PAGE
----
‘Come, follow me,’ Jesus said …

Know Me. Understand Me. Depend on Me. Listen to Me. Whoever finds their life will lose it, and whoever loses their life for My sake will find it. Be an extension of Me — without your agendas, learned strategies, and preconceived ideas of what I might do with, through, and for you. Let Me implement with you the superior plans I have for you.

‘and I will make you fishers of men.’

The I is Jesus. He will teach, train, counsel, encourage, assign, position, and orchestrate so that we end up where He wants us. He is the one to make us fishers of men, if He so chooses.

When He leads, any impact we may have on humankind is not harmful, but helpful. Subjected to His discipline and refining fires, our impurities are removed over time so that it is not our ugly natures, but His indwelling Holy Spirit that is visible to others. It is not us at all, but God’s authentic love, mercy and justice that is the bread of life. That bread is indiscriminate — He offers Himself to each and every fish in the sea.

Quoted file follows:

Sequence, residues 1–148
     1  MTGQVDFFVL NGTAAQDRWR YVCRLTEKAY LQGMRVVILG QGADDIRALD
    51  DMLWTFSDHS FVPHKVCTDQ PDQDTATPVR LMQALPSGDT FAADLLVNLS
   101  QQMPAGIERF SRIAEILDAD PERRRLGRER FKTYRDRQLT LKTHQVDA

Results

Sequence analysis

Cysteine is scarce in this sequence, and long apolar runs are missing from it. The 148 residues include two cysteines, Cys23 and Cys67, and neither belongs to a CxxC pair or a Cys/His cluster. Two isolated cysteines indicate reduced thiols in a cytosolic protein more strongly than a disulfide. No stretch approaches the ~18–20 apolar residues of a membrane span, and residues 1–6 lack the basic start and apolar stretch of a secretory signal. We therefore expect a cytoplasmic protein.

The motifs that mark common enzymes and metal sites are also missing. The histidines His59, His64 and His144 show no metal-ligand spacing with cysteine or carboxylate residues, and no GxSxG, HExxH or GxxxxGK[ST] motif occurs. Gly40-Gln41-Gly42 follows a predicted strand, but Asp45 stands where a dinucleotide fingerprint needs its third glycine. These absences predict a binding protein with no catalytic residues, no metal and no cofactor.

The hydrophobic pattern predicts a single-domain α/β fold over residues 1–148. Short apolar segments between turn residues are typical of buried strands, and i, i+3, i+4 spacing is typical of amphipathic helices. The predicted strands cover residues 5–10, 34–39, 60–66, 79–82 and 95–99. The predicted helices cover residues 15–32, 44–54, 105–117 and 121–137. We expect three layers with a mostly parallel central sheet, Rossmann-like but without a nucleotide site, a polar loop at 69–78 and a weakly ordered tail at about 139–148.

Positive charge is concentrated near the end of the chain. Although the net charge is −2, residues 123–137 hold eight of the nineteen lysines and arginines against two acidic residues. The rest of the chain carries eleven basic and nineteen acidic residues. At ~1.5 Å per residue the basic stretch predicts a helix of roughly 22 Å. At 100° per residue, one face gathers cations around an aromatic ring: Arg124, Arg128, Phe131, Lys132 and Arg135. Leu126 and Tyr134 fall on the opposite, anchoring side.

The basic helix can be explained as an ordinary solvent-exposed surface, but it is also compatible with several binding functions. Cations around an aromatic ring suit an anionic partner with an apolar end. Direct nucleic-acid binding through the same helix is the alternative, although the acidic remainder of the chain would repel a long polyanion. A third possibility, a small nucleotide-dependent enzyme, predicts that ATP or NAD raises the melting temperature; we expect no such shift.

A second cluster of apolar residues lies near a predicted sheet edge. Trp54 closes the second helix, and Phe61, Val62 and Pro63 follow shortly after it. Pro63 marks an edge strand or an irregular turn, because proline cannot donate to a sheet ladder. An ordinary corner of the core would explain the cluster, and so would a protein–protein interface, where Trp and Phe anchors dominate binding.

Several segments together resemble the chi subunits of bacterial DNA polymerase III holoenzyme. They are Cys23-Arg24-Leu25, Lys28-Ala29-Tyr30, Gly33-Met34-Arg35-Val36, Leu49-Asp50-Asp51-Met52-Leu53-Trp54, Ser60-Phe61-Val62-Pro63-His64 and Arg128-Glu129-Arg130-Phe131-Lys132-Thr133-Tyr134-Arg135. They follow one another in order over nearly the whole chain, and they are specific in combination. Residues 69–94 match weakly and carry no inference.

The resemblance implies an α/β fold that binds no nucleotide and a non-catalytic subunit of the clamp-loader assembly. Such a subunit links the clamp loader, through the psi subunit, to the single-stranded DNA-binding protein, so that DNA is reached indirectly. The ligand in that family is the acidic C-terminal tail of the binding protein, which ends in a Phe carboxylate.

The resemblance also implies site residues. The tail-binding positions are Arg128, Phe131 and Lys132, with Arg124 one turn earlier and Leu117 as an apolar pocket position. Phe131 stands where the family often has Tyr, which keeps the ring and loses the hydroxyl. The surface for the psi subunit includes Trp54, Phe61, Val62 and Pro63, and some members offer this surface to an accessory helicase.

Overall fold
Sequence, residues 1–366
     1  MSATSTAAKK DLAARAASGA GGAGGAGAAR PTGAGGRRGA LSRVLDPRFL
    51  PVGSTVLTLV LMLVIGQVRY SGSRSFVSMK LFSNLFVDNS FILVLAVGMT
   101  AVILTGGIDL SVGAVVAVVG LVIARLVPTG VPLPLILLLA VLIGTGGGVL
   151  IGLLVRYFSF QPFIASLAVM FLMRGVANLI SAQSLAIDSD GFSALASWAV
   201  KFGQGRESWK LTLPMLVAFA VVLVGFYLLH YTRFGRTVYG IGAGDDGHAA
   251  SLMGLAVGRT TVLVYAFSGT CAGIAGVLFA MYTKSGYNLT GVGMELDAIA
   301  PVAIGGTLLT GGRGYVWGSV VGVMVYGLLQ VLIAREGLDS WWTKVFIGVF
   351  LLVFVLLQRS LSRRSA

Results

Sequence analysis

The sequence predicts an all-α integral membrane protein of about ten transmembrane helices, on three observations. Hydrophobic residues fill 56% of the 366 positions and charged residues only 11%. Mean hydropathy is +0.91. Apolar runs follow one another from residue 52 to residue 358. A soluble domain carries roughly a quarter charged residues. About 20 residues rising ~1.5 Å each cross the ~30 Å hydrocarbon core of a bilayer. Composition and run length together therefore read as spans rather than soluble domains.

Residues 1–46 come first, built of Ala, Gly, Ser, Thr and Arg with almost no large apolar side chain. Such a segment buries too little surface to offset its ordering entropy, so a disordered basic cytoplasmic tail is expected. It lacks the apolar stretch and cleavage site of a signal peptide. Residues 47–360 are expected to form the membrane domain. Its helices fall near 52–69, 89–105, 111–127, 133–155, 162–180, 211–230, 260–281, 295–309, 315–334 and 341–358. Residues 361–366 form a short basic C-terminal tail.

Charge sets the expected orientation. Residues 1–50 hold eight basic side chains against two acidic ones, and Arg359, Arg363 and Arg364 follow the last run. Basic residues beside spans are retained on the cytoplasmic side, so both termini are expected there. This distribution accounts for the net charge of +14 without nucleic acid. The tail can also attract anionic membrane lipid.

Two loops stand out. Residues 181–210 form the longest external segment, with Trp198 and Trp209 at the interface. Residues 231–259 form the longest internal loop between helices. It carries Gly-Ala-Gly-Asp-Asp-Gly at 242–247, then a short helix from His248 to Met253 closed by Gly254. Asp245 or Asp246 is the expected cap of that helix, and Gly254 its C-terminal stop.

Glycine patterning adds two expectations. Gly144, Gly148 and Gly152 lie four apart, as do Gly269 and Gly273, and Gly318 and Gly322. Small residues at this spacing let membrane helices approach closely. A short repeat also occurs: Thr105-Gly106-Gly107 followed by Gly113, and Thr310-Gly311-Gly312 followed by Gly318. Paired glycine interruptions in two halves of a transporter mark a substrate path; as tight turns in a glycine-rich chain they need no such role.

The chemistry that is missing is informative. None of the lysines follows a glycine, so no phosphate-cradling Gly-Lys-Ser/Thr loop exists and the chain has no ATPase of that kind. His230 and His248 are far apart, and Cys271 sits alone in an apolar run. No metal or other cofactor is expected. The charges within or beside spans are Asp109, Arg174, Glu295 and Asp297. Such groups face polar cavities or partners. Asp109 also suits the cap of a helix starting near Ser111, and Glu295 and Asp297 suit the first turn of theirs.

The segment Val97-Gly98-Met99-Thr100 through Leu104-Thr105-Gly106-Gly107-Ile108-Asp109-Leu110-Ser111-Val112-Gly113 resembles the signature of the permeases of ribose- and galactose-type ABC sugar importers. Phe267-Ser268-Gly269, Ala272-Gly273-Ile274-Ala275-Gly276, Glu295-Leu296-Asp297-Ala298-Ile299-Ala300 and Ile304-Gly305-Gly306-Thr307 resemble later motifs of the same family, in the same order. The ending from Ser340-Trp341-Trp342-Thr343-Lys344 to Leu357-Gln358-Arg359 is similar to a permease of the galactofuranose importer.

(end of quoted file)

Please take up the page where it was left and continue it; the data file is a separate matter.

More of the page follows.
At once they left their nets and followed him.” 

Simon and Andrew were willing to follow.

Are we?

When Confounded Is Good


An old post with a new application. The issue of Syrian immigration and asylum has divided people across the world. Who is right? Who is wrong? God will reveal his thoughts on the issue, if we are willing ask and listen to his answer. What then becomes of our beliefs if he shows us that it is our thinking that is in error? Will we stubbornly cling to our thinking just to be “right”, or to stay aligned with our religious group, or because we prefer our stance to God’s? Or will we let go, and let him replace our thinking with his?